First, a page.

We’ve had articles about how to protect against and plan for external supply chain risks. These risks are often out of your control as they can affect suppliers or transportation providers, as well as transportation networks and infrastructure.
However, you also have internal supply chain risks, which you are better able to control. These risks can affect a variety of businesses from manufacturers to retailers and restaurants – and any business that has some type of revolving stock.
It could be vital to the survival of your business that you are aware of and prepare for internal risks such as machinery and equipment breakdowns.
Knowing the right steps to take ahead of time can save you from making a bad situation worse or significantly delaying the resumption of operations. All of that, of course, amounts to extra costs for your operation, including the potential for lost revenues.
If you prepare for a failure of a key piece of equipment or machinery, you also won’t be scrambling trying to figure out your next step in times of internal disruption or crisis. Making decisions at such times can often lead to more problems and costs.
Your risk management plan to deal with such failures should include:
1. A list of key equipment
· Production machinery, including gear sets, motors, compressors, belts and fans.
· Boilers and pressure vessels.
· IT and communications systems, including wiring and cables.
· Electrical equipment or system, including transformers, switch boxes, cables, wiring and motors.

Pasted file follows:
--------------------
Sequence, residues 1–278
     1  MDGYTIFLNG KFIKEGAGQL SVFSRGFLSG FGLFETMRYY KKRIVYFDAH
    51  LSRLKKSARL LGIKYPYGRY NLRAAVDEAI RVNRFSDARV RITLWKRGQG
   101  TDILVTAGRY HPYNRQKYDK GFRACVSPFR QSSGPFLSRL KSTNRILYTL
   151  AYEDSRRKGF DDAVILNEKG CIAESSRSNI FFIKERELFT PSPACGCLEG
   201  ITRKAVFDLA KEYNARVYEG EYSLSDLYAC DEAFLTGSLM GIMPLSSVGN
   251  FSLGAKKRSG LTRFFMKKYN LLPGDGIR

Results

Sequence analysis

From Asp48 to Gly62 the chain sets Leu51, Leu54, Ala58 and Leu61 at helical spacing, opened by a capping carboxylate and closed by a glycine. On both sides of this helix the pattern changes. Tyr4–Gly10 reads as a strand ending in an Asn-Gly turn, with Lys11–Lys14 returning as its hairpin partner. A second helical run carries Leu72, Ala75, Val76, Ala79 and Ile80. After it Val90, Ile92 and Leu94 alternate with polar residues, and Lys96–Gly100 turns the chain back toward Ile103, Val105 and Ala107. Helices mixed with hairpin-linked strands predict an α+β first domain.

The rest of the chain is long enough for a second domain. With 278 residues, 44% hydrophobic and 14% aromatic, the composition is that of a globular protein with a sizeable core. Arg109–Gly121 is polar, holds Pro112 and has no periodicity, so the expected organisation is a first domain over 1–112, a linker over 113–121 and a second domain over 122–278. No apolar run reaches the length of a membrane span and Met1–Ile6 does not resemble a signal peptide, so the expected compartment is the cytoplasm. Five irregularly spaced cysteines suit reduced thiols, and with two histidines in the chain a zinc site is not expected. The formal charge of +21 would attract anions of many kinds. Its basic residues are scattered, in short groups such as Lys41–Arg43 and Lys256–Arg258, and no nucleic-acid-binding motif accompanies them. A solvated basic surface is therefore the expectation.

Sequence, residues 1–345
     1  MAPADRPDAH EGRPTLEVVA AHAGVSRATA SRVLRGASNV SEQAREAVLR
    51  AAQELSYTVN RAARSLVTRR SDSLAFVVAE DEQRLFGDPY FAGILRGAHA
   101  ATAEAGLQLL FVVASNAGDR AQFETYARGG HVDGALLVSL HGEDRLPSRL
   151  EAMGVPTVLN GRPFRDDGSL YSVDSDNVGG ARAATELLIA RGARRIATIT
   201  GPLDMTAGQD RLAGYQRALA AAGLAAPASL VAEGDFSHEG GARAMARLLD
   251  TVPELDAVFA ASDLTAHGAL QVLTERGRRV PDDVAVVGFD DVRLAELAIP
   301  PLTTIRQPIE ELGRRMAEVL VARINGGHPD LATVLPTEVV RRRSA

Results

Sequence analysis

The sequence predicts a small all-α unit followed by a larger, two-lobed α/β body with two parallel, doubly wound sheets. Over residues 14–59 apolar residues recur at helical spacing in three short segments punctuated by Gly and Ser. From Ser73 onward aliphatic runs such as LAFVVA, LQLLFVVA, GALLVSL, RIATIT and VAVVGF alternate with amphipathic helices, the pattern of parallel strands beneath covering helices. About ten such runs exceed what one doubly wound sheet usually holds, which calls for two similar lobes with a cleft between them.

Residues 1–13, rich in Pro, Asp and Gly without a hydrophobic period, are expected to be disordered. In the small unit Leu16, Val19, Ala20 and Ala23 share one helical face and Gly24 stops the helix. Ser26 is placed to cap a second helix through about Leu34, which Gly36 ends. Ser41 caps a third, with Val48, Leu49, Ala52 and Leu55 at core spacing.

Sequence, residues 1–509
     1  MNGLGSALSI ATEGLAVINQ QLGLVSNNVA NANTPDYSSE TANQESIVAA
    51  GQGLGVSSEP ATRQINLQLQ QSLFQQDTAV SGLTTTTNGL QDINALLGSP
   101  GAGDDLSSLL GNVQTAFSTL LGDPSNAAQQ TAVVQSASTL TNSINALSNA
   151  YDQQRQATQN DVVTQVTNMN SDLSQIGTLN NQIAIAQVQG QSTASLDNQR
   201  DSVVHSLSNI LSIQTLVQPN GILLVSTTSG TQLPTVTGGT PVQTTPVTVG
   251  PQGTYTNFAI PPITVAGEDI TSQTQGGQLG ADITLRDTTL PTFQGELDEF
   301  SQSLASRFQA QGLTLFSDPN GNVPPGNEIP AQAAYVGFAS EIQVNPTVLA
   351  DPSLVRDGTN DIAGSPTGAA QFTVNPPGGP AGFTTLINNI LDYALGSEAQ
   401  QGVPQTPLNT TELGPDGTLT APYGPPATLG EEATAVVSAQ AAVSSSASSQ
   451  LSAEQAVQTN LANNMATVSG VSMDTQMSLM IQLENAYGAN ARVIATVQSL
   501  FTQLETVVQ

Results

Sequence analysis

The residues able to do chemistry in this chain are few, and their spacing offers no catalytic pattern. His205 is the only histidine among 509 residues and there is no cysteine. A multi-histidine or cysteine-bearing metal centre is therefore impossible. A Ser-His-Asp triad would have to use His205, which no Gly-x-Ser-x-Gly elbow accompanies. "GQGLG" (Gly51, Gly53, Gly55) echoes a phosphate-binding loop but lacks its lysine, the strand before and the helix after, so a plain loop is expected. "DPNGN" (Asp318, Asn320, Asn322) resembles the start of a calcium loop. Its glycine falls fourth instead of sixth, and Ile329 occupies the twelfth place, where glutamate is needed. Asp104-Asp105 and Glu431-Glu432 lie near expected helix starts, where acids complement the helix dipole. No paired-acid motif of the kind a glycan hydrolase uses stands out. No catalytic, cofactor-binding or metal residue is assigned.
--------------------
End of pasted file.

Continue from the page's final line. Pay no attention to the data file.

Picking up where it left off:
2. An inventory of spare parts
Optimally, you should keep all the key spare and replacement parts for your main systems on site. You can ask the manufacturers or service companies of those systems to assist you in having an emergency inventory on hand.
Still, it may not be feasible to have all items on site. In that case, you should compile a list of the other parts that could break and need replacement, and how to quickly order them from the correct supplier. You should include on this list the cost of those items and delivery times – and update the list at least every year.
3. Plan for renting replacement equipment
As part of your planning, you should obtain quotes from companies that rent out the same type of equipment or machinery that you use, and update the quotes every year. The quotes should include all pricing like transportation and set-up fees, as well as estimated time from ordering to delivery and start-up.
Don’t forget to include alternative suppliers.
4. Repair firms
You should also have at the ready information on the various contractors that are able to repair the equipment that’s broken down. The information should be listed by equipment item and should include contractor capabilities, contact information and availability.
Again, you should update this information every year.
The dilemma for many businesses is how much inventory to carry. You don’t want to get caught short when it’s time for deliveries, and you don’t want too much of your money tied up unnecessarily in inventory that will go unused for some time.
That said, a certain reserve of inventory to help you continue to supply your customers is a smart move if you want to minimize the disruption of an equipment failure.
You need to analyze your order and delivery schedules and identify an optimum amount of spare inventory to keep on hand to fulfill orders in case of an equipment failure.
Make sure to keep in mind perishability of inventory, if applicable.